silk road

This moment came under the rule of the Byzantine Emperor Justinian in 552 AD. He sent two monks east to smuggle silkworm eggs back to the capital. According to the story, the monks hid the eggs in rods of bamboo, or a cane, depending on whose source you read. The Church was then able to find some of the first sericulture in the Mediterranean.

justinian

Around the same time, the Arabs, who’d also obtained the ways of sericulture, conquered their way across the Middle East. They spread their knowledge of silk farming and weaving, serving as another focal point of the development of silk in Europe.

Despite losing its monopoly, China maintained itself as a major silk supplier, continuing to dominate the silk market via the legendary Silk Road. In fact, the spread of sericulture seemed to do little to diminish demand. As we will see in later eras, the West’s demand for Eastern silks never ceased, and as prices did fall and availability increased, the volumes simply grew.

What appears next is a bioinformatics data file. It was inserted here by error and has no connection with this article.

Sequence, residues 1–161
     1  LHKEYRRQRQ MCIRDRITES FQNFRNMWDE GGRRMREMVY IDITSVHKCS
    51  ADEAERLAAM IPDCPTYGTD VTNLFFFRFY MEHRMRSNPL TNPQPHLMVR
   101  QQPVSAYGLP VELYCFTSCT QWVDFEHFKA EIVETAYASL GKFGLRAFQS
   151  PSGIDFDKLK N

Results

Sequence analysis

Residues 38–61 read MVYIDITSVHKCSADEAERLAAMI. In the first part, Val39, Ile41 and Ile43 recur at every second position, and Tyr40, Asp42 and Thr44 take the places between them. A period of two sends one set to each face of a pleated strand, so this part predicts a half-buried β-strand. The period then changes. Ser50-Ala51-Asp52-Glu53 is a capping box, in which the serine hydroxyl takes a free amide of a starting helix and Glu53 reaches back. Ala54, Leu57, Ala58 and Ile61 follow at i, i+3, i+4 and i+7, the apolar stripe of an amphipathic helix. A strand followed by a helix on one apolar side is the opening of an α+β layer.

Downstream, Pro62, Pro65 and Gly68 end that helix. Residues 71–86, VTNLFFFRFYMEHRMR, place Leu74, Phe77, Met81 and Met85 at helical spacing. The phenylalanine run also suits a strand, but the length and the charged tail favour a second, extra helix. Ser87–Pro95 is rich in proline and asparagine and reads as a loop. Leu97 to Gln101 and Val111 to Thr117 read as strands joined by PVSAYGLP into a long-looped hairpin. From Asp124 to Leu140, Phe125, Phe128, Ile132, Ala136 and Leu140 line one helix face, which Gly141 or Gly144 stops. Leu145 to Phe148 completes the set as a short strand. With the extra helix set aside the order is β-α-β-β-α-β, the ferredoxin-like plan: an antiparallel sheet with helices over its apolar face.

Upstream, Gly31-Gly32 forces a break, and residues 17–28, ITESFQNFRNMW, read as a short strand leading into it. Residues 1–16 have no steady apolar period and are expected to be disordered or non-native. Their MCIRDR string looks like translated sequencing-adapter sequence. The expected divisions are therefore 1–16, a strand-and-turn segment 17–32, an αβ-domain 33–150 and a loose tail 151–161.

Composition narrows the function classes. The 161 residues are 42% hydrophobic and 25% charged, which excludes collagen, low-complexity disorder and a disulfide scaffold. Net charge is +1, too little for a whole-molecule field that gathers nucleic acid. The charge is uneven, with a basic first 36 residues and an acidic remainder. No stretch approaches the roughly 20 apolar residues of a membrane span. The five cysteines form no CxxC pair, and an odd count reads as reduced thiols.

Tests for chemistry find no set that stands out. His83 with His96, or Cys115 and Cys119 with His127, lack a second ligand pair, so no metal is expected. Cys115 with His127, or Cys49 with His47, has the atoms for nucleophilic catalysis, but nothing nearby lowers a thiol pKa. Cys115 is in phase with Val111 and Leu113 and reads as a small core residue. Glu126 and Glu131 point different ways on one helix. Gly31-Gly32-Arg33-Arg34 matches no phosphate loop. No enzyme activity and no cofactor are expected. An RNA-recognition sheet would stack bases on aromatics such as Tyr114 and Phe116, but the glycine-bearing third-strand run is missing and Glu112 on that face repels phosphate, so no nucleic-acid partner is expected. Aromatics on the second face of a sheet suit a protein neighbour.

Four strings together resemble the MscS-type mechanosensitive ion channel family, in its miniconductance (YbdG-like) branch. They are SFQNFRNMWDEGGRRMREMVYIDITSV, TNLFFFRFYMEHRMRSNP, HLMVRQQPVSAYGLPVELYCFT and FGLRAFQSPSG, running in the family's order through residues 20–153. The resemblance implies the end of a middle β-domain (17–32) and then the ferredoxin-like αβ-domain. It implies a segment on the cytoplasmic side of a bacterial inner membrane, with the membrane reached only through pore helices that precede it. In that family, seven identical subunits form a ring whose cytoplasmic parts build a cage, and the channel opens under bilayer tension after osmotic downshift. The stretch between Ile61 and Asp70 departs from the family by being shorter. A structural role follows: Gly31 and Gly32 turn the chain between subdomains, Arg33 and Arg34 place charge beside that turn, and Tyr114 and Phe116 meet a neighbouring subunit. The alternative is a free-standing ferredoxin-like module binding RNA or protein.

Silk making

It wasn’t until the crusades that the techniques of silk production began to spread across Western Europe. With the sack of Constantinople in 1204, many of the leading Byzantine artisans left, mainly concentrating in Italy and southern France, where they would go on to supply domestic silk in the Medieval world.

french silk

Continued

In the next part, we will look at the interesting development of silk in the medieval world, where it came to dominate fashion, and yet also become more accessible and cheaper.

Check out some other histories, and let me know what you thought in the comments below.


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Sewing Projects For Leftover Fabric Squares

Sewing Projects For Leftover Fabric Squares


leftover fabric squares

One of the best ways to use leftover fabric pieces and fabric scraps is to cut them into small squares. From there, you have a variety of options for utilizing the fabric. Because of their uniform, geometric shape, fabric squares can be used to make a quilt, skirt, tablecloth, or bag. Choose fabric squares that are in the same color family if you would like to coordinate the fabrics, or choose a mix of different fabrics for a more eccentric look.